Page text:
How about the director, Gabriele Lavia?

Gabriele Lavia is a great actor and director, whom everybody knows in Italy. Luisotti said, "It has been a dream since my childhood to work together with Lavia someday." I wondered if such a big name would join us, but fortunately he liked the Japanese noh-theory book "Kadensho" by 15th-century noh actor and aesthetician Zeami Motokiyo, and decided to make his first visit to Japan in 2008.

Why do you often appoint young singers for lead roles?

"Don Giovanni" was performed by young singers in Mozart's day. One reason we do the same is our limited budget! (Laughs.) But a more important reason is to introduce emerging talents to Japan. This is my role.

How do you distinguish talented performers?

My tea-ceremony master used to say, "Always look at good things, then you will easily distinguish bad things." I always attended rehearsals and recordings under von Karajan, and rehearsals under Sawallisch as well. I went to the opera five times a week in my days in Munich. I really listened to "good things." This is my strongest skill.

How did you decide the casting of "Don Giovanni"?

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A sketch of the set for Mozart's opera "Don Giovanni" depicts a crumbled Suntory Hall.

I discussed it with maestro Luisotti. The title role will be performed by Austrian baritone Marcus Werba, who joined "The Marriage of Figaro" in 2008 on my recommendation. This year, it was the strong recommendation of both maestro Luisotti and director Lavia, who were attracted by his voice. Other cast members, such as Macedonian tenor Blagoj Nacoski, Italian baritone Marco Vinco and Bulgarian bass Deyan Vatchkov, are also selected from the rising stars of the younger generation.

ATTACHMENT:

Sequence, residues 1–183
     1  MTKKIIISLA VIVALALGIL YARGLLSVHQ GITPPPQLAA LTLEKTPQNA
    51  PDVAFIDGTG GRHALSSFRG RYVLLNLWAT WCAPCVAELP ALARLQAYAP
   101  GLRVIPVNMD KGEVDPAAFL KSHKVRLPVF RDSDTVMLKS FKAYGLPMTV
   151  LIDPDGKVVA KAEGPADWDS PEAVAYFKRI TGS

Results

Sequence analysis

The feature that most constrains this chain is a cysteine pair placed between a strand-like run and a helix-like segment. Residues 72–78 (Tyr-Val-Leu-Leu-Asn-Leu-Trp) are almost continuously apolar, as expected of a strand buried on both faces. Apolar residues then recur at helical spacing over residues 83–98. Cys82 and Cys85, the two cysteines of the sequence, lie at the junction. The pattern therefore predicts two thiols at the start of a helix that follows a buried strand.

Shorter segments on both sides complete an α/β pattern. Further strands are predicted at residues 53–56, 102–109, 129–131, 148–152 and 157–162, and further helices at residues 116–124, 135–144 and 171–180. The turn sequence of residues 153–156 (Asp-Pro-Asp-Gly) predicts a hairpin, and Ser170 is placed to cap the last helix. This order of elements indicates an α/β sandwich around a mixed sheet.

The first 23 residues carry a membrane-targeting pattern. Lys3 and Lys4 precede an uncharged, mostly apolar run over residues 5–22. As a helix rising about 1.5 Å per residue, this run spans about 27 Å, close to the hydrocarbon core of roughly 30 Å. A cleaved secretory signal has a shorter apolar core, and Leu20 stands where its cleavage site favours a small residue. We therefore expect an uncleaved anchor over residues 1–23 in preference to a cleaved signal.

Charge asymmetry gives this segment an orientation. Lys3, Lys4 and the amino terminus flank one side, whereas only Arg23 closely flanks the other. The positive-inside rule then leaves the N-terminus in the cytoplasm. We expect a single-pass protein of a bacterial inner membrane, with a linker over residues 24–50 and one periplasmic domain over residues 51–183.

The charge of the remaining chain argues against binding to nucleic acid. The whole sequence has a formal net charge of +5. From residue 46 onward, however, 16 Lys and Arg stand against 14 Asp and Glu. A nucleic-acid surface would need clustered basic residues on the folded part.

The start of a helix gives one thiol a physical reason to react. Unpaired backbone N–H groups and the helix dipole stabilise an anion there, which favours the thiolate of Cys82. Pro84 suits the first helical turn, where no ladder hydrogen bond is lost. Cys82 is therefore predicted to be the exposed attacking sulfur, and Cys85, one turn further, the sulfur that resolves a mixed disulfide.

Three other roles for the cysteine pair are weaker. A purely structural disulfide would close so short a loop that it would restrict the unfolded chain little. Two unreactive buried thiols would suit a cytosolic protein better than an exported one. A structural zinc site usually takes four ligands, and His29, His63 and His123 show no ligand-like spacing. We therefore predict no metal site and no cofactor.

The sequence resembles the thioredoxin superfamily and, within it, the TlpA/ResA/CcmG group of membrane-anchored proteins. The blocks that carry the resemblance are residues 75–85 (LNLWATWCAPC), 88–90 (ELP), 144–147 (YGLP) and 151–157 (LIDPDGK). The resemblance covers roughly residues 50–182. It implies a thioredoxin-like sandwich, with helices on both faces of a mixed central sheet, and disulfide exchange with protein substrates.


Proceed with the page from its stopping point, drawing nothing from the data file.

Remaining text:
What is the highlight of this new production of "Don Giovanni"?

Director Lavia will present the collapse of society, as envisaged by Mozart. Lavia thinks it is important to recognize where we are now. Where are we while attending this opera? So Lavia's chose a stage set that depicts a ruined Suntory Hall.

Many people think of opera as old fashioned, particularly 18th-century works such as "Don Giovanni." What is your opinion?

Mozart's music is universal. It was full of ideas that were ahead of their time. "God is dead," thinks Don Giovanni, who commits acts of immorality and violence. It was 100 years earlier than German Philosopher Friedrich Nietzsche made the same claim in his writing. Mozart's operas have been and will be performed again and again and give us new meanings every time. It is not at all old fashioned, but still alive and deeply embedded into people's hearts.

Hall Opera "Don Giovanni" takes place at Suntory Hall in Akasaka, Tokyo, on April 5, 8 and 11 (4 p.m. on April 5 and 11; 6:30 p.m. on April 8; ¥15,000-27,000). For more information, call [03] 3584-9999 or visit suntory.jp/HALL/)